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Beginners and Building Calluses

GuitarFool's picture

I just picked up the guitar. I've been playing for about a week or so, and my fingers hurt. Your supposed to grow calluses so my questions are.

-How long does it take to grow calluses depending on if you practice 30 minutes a day.

-Does swabbing rubbing alcohol on your fingers help making calluses?

-Is there any other way to get calluses other than just playing?

Average: 5 (1 vote)
Spidercents's picture

I cant really remember its

I cant really remember its been so long however it shouldn't take to long to toughen finger could probably toughen finger tips by taking a guitar string and lying it on a table and push on it with tips...or maybe have the string in hand and do something similar without the table... E,A or D string would work I would think.

Treat people the way you would want to be treated.

GuitarFool's picture

I'll get started on that

I'll get started on that

spare_time's picture

You can try this stuff, my

You can try this stuff, my buddy told me about it the other day:

Supposedly it helps build calluses faster. I haven't tried it yet, but it might be worth a shot.

Also: practice.

GuitarinaNutshell's picture

I think you should expect it

I think you should expect it to take around 3-4 weeks to start building up tougher skin on the tips of your fingers given your practice time, once that happens it should make playing guitar easier. It would also depend on whether you are playing a nylon or steel string guitar. In the future should you stop playing every day it only takes about 2 weeks of not playing for calluses to start to disappear again and you'll have to build them back.

jbmuso's picture

Yeah, every time I stop

Yeah, every time I stop playing for a couple of months and then get back into I get calluses after about 2 weeks. The idea is to play until they hurt, then let them heal and play again. Calluses are formed as part of the healing process.

DANN's picture

Do Not over play cause you

Do Not over play cause you keep re-injuring your fingers and not enough time to develop calluses. So maybe every other day play until discomfort starts. Also, and eventually...learn not to squeeze to hard when fretting notes...a bad habit I started, resulting in fret wire dents.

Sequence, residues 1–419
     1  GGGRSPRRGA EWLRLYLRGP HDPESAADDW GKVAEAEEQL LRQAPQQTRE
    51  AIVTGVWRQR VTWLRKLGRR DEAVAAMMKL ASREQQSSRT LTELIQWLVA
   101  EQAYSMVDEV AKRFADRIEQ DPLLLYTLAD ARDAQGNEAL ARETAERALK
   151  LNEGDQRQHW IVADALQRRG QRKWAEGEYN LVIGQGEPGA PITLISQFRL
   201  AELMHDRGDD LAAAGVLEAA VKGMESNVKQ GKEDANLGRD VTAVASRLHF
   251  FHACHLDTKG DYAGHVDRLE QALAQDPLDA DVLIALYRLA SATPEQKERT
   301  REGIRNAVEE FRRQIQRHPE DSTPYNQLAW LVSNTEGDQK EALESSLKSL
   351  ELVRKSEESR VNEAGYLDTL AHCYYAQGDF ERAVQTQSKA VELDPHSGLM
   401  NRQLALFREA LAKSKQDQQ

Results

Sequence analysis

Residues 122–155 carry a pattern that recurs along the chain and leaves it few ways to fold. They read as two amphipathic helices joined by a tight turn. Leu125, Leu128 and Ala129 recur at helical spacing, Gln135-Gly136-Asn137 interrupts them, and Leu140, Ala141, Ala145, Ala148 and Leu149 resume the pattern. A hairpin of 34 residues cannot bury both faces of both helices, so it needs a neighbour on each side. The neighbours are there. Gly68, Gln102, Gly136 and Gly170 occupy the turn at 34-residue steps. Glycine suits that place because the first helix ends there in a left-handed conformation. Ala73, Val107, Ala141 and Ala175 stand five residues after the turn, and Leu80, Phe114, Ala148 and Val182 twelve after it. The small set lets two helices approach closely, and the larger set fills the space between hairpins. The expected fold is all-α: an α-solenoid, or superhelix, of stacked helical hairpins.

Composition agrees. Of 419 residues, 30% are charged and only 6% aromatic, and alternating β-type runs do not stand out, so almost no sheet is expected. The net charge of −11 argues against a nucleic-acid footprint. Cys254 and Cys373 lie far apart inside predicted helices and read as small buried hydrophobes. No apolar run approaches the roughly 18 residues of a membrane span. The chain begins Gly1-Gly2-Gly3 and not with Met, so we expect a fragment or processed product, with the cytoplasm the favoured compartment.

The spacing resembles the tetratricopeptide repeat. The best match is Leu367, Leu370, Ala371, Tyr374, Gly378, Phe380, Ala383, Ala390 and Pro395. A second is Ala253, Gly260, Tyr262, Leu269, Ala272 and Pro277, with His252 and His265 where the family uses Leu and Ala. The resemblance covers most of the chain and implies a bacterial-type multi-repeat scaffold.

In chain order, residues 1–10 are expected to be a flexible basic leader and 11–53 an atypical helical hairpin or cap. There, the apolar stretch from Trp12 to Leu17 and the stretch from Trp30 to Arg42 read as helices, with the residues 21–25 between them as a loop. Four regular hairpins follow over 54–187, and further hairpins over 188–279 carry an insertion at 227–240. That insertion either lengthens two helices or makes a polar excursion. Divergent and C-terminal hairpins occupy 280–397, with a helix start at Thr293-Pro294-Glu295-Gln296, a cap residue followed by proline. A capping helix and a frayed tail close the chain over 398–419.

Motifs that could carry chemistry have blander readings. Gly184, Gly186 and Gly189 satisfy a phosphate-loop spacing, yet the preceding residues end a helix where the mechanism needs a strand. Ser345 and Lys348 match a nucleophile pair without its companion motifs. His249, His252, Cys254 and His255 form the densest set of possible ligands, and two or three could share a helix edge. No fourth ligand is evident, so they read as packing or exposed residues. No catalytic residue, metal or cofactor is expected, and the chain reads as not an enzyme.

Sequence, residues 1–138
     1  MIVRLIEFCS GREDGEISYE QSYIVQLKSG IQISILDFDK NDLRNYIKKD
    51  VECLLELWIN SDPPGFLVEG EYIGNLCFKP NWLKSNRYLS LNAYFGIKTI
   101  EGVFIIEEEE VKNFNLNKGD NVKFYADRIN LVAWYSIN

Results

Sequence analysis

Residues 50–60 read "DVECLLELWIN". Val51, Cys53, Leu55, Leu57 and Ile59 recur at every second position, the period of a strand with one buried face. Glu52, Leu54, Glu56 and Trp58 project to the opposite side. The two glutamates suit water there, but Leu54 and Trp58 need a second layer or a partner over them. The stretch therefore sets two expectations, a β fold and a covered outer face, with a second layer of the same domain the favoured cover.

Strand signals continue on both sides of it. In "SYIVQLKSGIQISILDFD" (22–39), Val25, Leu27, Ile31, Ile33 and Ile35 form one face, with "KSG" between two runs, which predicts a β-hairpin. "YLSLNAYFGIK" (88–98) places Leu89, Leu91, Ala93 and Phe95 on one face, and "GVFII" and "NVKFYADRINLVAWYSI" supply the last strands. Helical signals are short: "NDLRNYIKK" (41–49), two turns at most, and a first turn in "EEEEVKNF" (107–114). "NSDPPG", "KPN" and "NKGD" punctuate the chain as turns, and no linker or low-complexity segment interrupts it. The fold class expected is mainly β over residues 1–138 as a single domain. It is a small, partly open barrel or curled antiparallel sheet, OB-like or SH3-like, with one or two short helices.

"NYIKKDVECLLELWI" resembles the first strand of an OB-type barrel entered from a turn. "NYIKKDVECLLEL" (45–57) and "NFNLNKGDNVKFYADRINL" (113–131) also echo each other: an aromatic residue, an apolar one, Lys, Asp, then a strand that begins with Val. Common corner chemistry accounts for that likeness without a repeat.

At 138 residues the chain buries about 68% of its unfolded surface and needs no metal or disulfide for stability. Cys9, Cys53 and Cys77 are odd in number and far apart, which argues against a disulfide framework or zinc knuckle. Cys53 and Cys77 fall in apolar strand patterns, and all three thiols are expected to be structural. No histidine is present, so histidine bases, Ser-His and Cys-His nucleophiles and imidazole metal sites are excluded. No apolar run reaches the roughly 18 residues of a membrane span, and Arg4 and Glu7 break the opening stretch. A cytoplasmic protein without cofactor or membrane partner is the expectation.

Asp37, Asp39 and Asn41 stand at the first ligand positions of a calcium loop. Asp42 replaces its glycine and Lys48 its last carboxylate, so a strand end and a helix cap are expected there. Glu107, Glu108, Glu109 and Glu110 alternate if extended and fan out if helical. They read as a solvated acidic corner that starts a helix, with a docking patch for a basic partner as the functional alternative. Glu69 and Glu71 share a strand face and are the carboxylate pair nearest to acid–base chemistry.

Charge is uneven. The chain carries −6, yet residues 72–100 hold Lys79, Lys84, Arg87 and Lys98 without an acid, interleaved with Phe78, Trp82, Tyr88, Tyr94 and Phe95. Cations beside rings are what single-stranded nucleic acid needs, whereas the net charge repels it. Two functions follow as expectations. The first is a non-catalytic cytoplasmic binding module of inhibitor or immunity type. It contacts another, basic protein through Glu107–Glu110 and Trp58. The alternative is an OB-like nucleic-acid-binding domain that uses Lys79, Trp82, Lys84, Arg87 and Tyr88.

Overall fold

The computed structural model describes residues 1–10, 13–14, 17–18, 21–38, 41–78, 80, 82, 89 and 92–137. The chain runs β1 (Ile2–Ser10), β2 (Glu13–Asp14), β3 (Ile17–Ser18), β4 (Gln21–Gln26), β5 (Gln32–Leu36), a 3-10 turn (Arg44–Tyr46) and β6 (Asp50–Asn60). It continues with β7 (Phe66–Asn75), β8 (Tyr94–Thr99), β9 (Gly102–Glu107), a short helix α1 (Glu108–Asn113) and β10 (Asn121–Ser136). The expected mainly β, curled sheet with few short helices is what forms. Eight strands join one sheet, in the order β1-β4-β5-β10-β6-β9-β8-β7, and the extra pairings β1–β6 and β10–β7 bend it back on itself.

When you start to play great hard driving songs, whether its notes, or just AC/DC chords and stuff, it's hard not to squeeze hard. Look real closely at any good guitarist on video, & you will see a light touch.

Don't give up. The calluses really harder thicker skin will develop, & you wont notice it. Look closely where you get your soreness and blisters. They should be on the tips of your fingers, which indicates proper fretting of notes.

You should not get blisters on your finger print area of your fingers. This is a sign the new guy is struggling with proper hand/finger positioning when learning individual notes and scales, or especially seen, when learning chords. We all go threw this. Injury causes grow, and in this case, it is the laying down of tougher skin. Keep Going!

brian's picture

You can always do what Eric

You can always do what Eric Clapton recommends. Apply rubbing alcohol on your fingertips a couple tips a day until your finger tips start to toughen up. This will speed this process up in other words.

DANN's picture

What does alcohol do other

What does alcohol do other than evaporate? Did EC use alcohol for cuts on his fingers?
I don't see anything better than playing the guitar & watching closely WHERE the blisters develop, as I said above.

I believe the key is being patient & not over doing it. Some things take time and careful persistence.

What I need is some kind of hand cream to prevent winter time cracks & splits on my hands & fingers. Any advice guys?

brian's picture

Alcohol simply drys the

Alcohol simply drys the skin.

I agree nothing is better then just playing to develop calluses.

DANN's picture

Yes, and you know I was

Yes, and you know I was thinking about that last night during the Super Bowl.....that alcohol acts as an astringent....which draws, or tightens the skin.

I guess alcohol may help, but it is hard playing guitar with dried alcohol on your fingers, cause you don't get the smooth sliding, but instead, your finger stick & feel tacky.